We present a novel method for posing and animating botanical tree models interactively in real time. Unlike other state of the art methods which tend to produce trees that are overly flexible, bending and deforming as if they were underwater plants, our approach allows for arbitrarily high stiffness while still maintaining real-time frame rates without spurious artifacts, even on quite large trees with over ten thousand branches. This is accomplished by using an articulated rigid body model with as-stiff-as-desired rotational springs in conjunction with our newly proposed simulation technique, which is motivated both by position based dynamics and the typical O(N) algorithms for articulated rigid bodies. The efficiency of our algorithm allows us to pose and animate trees with millions of branches or alternatively simulate a small forest comprised of many highly detailed trees. Even using only a single CPU core, we can simulate ten thousand branches in real time while still maintaining quite crisp user interactivity. This has allowed us to incorporate our framework into a commodity game engine to run interactively even on a low-budget tablet. We show that our method is amenable to the incorporation of a large variety of desirable effects such as wind, leaves, fictitious forces, collisions, fracture, etc.
Real-time Interactive Tree Animation
Christoph Gissler, Stefan Band, Andreas Peer, Markus Ihmsen, Matthias Teschner
Computing the forces acting from a surrounding air phase onto an SPH free-surface fluid is challenging. For full multiphase simulations the computational overhead is significant and stability issues due to the high density ratio may arise. In contrast, the air-fluid interactions can be approximated efficiently by employing a drag equation. Here, for plausible effects, the parameterization is important but challenging. We present an approach to calculate the parameters of the used drag equation in a physically motivated way. We approximate the deformation and occlusion of particles to determine their drag coefficient and exposed surface area. The resulting effects are validated by comparing them to the results of a multiphase SPH simulation. We further show the practicality of our approach by combining it with different types of SPH solvers and by simulating multiple, complex scenes.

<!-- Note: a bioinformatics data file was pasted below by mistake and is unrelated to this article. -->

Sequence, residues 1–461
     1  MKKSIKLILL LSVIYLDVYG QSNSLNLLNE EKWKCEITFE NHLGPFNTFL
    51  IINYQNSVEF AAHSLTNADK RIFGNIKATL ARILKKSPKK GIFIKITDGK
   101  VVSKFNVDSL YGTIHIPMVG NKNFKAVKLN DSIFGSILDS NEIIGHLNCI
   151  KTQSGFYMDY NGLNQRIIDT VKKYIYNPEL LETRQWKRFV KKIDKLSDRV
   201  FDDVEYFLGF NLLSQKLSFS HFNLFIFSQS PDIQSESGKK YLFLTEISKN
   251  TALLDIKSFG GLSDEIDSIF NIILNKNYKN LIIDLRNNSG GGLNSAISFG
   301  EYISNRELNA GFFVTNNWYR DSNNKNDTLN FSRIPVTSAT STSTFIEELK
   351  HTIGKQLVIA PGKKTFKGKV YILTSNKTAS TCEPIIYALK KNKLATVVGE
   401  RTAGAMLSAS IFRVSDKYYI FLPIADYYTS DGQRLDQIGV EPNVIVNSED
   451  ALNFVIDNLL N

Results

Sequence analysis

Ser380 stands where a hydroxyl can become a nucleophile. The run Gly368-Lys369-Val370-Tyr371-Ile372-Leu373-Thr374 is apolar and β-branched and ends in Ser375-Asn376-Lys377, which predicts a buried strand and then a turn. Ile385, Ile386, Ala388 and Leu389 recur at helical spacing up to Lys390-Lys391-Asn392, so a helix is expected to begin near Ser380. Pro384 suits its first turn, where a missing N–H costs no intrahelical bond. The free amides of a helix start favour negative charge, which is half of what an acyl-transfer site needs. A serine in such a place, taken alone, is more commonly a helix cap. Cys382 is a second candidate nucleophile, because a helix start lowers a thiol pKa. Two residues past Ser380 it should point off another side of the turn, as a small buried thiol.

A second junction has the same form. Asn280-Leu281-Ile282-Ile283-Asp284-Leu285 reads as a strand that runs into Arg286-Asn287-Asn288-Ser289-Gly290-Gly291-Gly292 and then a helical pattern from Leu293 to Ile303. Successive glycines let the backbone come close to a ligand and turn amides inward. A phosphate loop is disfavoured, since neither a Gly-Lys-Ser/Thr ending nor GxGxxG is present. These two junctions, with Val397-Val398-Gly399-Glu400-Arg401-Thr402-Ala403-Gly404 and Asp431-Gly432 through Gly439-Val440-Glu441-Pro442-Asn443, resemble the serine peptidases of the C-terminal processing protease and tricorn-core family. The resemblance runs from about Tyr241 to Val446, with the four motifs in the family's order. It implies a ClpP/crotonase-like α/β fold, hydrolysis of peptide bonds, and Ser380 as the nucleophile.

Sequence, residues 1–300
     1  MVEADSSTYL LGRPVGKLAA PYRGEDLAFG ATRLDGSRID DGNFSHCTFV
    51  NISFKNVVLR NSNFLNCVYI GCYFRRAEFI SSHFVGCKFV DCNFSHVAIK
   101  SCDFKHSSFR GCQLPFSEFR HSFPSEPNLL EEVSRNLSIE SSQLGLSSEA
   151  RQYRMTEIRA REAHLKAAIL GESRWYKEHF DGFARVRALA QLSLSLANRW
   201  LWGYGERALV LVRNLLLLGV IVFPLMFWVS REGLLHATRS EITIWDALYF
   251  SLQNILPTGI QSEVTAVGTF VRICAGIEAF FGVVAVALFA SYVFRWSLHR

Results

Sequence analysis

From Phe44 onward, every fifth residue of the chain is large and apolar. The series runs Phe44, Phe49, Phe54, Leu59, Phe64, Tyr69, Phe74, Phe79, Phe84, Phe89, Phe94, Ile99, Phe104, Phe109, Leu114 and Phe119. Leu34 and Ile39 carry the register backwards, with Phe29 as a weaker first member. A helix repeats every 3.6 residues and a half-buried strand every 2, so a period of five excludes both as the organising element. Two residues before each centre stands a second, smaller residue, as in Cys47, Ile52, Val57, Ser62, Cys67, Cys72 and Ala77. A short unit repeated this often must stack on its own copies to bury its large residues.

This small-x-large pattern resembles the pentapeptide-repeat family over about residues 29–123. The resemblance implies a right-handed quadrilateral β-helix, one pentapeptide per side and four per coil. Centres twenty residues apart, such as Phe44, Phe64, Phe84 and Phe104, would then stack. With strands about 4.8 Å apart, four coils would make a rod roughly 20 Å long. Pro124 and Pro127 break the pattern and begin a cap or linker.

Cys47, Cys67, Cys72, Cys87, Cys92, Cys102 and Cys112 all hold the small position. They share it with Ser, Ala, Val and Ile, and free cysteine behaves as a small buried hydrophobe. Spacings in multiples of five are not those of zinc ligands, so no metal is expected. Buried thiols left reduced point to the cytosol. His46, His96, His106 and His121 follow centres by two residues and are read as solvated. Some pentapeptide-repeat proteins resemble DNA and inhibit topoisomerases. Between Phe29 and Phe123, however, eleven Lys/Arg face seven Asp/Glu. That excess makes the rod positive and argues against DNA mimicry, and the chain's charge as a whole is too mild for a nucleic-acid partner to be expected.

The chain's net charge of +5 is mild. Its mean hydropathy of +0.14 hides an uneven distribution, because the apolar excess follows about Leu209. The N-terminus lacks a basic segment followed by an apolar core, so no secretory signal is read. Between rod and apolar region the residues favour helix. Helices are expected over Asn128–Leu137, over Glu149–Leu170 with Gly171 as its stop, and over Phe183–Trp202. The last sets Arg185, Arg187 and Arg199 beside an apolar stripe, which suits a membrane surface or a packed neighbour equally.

Approximate Air-Fluid Interactions for SPH
Stefan Band, Christoph Gissler, Matthias Teschner
The paper shows that the SPH boundary handling of Akinci et al. [AIA∗ 12] suffers from perceivable issues in planar regions due to deviations in the computed boundary normals and due to erroneous oscillations in the distance computation of fluid particles to the boundary. In order to resolve these issues, we propose a novel boundary handling that combines the SPH concept with Moving Least Squares. The proposed technique significantly improves the distance and normal computations in planar boundary regions, while its computational complexity is similar to Akinci’s approach. We embed the proposed boundary handling into Implicit Incompressible SPH in a hybrid setting where it is applied at planar boundaries, while Akinci’s technique is still being used for boundaries with complex shapes. Various benefits of the improved boundary handling are illustrated, in particular a reduced particle leakage and a reduced artificial boundary friction.
Moving Least Squares Boundaries for SPH Fluids
Andreas Peer, Matthias Teschner
Working with prescribed velocity gradients is a promising approach to efficiently and robustly simulate highly viscous SPH fluids. Such approaches allow to explicitly and independently process shear rate, spin, and expansion rate. This can be used to, e.g., avoid interferences between pressure and viscosity solvers. Another interesting aspect is the possibility to explicitly process the vorticity, e.g. to preserve the vorticity. In this context, this paper proposes a novel variant of the prescribed-gradient idea that handles vorticity in a physically motivated way. In contrast to a less appropriate vorticity preservation that has been used in a previous approach, vorticity is diffused. The paper illustrates the utility of the vorticity diffusion. Therefore, comparisons of the proposed vorticity diffusion with vorticity preservation and additionally with vorticity damping are presented. The paper further discusses the relation between prescribed velocity gradients and prescribed velocity Laplacians which improves the intuition behind the prescribed-gradient method for highly viscous SPH fluids. Finally, the paper discusses the relation of the proposed method to a physically correct implicit viscosity formulation.